Justin Delgado is husband to Kacie Doyle-Delgado, diagnosed at age 11. After more than a decade together, he considers himself to be an expert carb counter and Dexcom inserter. He graduated with his Master of Science in Finance from the University of Utah in 2013 and has been working in commercial banking since then. He attended his first Friends for Life conference in 2015 and is looking forward to volunteering with the teens.
May 6, 2003
Research: Causes and Prevention
Question from Trenton, New Jersey, USA:
In response to my complaint of pain in right arm coupled with tingling in right fingers, my doctor felt it was a result of either a pinched nerve or possible carpal tunnel syndrome. He prescribed a course of Medrol (methylprednisolone) which must be taken over six days to relieve any inflammation. Until I took this medicine, my blood sugars were reasonable, but they were significantly higher (as much as 40%) while taking this medication. A little net research indicates that this medicine surely raises blood sugar. It also warns that it could even wake up a dormant or latent diabetes. I am worried that my excellent control (based just on diet and exercise) is now blown and I may have developed full-blown diabetes thanks to this medicine. Is that what has happened? I just finished this course two days ago. How long does it take to have the effect of this medicine pass through my system completely?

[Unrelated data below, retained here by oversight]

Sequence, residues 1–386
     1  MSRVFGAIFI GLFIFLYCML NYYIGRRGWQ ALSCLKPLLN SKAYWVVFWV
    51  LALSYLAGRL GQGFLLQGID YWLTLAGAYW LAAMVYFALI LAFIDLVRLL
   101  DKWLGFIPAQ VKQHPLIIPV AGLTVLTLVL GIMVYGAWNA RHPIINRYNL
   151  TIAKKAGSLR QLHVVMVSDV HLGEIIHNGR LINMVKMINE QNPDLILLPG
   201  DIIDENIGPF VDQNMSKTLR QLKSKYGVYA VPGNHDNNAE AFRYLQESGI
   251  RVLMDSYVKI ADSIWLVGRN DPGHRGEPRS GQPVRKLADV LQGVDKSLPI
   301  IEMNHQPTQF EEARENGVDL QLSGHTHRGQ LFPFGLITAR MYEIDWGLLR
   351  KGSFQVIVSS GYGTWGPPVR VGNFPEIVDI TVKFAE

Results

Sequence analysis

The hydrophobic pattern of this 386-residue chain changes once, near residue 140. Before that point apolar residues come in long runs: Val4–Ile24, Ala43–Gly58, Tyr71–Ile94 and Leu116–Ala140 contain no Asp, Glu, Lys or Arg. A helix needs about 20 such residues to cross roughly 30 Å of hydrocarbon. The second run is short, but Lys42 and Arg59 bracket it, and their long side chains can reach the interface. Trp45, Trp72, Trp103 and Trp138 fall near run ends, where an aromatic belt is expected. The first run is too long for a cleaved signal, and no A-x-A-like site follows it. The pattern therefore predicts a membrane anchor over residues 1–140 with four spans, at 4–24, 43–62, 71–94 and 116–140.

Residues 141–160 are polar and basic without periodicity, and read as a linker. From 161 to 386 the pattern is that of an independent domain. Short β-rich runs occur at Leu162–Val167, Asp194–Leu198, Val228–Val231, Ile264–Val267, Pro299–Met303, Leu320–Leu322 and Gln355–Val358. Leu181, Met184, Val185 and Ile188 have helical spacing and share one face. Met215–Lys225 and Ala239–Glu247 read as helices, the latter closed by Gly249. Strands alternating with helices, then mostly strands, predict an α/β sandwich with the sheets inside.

It may take three to four days for the sugars to fall after you have stopped the steroids. After this time, the sugars should go back down to baseline. However, I would suggest you follow this closely. If further treatment is needed for your arm numbness, you may want to discuss alternate therapies, such as carpal tunnel release surgery, with your physician.